“The dam is starting to break,” said Sen. Dan Sullivan, Republican of Alaska, who is Mr. He held fruitless behind-the-scenes talks with Tuberville and was a Marine Corps Reserve colonel. “Not all efforts at reconciliation are progressing, and preparedness issues are very real.”

No Republican has yet signed on to the maneuver, led by Senators Jack Reid, D-Rhode Island, and the chairman of the Armed Services Committee, and Kirsten Sinema, an Arizona independent. This would allow all candidates to become generals and admirals, except for the Joint Chiefs of Staff and combatant commanders, who must be confirmed together.

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Mr. Since Tuberville took office, the Senate has confirmed five senior officials to serve as co-chairs, Adm. Lisa Francesetti as the next Chief of Naval Operations and Gen. David W. Alvin is also the next Chief of Air Staff. , both won unanimous confirmation on Thursday.

But coming up with and passing each promotion individually would require spending a great deal of time on the Senate floor, gathering legislative business and confirmations for the rest of the federal government.

Tentatively bypassing Senate rules would require 60 votes, and many Republicans are staunchly opposed.

Senator John Cornyn, Republican of Texas, said: “I’m not for a rule change: “I think what we’re seeing here is that once you set a precedent with a rule change, it’s a slippery slope to other changes. I think that threatens the establishment.

Over the past decade, through partisan, tit-for-tat rule changes, the Senate eliminated rules requiring 60 votes to confirm executive and judicial branch nominees, who are now approved by a simple majority.

Senator Bill Cassidy, Republican of Louisiana, noted that he was wary of breaking the rules, saying, “What goes around, you know. “The other side likes it when they do it, but they don’t like it when it’s done to them.”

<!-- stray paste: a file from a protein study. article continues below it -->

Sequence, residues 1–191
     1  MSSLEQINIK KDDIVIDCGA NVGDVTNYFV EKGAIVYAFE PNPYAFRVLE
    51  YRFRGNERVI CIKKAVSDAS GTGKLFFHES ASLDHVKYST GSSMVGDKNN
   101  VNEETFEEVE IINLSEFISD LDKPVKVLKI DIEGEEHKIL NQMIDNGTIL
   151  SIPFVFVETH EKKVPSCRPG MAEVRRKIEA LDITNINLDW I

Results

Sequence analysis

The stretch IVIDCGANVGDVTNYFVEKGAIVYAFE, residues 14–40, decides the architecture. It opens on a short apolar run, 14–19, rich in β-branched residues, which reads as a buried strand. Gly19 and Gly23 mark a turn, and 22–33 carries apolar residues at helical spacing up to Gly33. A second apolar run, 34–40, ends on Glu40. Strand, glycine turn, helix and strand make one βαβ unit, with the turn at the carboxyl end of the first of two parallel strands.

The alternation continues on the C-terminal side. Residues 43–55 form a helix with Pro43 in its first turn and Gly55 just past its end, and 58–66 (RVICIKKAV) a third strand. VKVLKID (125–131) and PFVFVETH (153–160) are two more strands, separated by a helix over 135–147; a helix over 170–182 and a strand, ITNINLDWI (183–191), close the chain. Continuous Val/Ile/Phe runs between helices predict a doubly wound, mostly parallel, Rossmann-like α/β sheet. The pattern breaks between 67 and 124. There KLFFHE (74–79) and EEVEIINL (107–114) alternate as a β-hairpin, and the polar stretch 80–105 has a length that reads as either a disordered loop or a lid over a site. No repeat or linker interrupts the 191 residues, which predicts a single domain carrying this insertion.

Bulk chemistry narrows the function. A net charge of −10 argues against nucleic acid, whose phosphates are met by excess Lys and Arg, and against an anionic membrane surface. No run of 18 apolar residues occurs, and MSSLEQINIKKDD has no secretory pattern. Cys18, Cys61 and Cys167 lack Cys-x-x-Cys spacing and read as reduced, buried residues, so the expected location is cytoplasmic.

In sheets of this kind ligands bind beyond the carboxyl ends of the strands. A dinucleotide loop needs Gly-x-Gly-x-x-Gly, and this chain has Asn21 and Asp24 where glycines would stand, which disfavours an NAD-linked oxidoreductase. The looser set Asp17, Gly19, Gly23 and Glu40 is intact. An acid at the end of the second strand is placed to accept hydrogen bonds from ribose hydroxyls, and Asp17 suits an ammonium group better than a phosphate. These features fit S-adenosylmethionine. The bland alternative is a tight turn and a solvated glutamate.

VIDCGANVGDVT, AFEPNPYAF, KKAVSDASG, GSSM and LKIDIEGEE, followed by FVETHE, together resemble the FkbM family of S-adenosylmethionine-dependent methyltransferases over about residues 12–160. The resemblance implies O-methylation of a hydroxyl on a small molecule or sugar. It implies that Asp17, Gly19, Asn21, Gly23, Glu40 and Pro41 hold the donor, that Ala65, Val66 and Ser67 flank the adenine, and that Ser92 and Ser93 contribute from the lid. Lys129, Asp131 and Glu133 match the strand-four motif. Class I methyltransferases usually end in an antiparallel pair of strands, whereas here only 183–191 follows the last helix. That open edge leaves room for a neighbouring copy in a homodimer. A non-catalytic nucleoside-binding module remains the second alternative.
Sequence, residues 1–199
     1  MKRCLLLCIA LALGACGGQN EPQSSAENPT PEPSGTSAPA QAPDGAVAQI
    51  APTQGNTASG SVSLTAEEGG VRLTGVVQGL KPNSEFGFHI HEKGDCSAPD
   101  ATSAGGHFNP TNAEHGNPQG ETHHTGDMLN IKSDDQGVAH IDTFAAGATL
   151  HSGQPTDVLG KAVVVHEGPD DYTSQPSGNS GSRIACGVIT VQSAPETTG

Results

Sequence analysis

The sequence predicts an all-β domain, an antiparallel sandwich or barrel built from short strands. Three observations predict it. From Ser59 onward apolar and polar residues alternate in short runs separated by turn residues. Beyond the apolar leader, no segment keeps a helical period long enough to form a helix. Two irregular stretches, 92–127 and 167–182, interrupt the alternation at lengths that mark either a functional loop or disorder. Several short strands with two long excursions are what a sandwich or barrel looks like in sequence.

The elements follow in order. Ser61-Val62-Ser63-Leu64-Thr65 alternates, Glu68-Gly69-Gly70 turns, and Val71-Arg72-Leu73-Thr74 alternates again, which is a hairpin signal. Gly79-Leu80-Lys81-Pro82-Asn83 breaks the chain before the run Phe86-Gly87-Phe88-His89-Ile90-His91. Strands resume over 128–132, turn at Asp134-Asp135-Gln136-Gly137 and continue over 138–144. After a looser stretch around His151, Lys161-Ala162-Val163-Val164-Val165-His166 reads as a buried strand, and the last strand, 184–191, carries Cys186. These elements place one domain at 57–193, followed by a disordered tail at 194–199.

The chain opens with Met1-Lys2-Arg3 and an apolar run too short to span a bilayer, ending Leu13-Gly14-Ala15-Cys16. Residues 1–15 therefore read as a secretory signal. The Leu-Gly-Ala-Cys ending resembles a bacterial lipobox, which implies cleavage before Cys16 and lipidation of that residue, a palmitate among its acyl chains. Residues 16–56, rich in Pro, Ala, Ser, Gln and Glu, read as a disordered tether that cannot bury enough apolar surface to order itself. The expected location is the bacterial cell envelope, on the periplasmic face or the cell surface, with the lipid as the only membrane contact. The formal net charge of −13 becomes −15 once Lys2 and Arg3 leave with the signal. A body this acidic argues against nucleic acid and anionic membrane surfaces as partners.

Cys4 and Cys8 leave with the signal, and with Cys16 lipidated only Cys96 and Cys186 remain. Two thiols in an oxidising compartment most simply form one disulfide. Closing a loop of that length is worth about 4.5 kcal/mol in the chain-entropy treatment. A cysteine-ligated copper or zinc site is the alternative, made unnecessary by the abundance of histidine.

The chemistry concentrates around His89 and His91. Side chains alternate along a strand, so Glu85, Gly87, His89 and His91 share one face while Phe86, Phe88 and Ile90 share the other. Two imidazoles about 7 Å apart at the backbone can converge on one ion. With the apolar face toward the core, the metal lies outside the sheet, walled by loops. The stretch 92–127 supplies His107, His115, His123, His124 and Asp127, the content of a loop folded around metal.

But from their private conversations, some Democrats argue they can persuade Republicans to join them in the move. Nine GOP senators and Mr. Three independents are needed to support a practical final run around Tuberville.

On Wednesday night, Mr. Tuberville dismissed 61 separate requests to allow the nominees to be confirmed.

“I will hold my ground until the Pentagon follows through on the law or the Democrats change the law,” he declared.

Despite their obvious frustration, Mr. None of the five Republicans challenging Tuberville have pledged to sign on to the Democrats’ plan.

“I’m sure we can find an alternative, but something has to give,” Mr. Graham said.

However, Senator Todd Young, Republican of Indiana, said he had not ruled it out, and other Republicans refrained from doing so.

“I don’t like Mr. Tuberville’s technique of making his comment, and I think it’s getting to a breaking point, quite frankly,” said Senator Shelley Moore Capito, Republican of West Virginia. So let’s see if there is a resolution.

Helen Cooper Contributed report.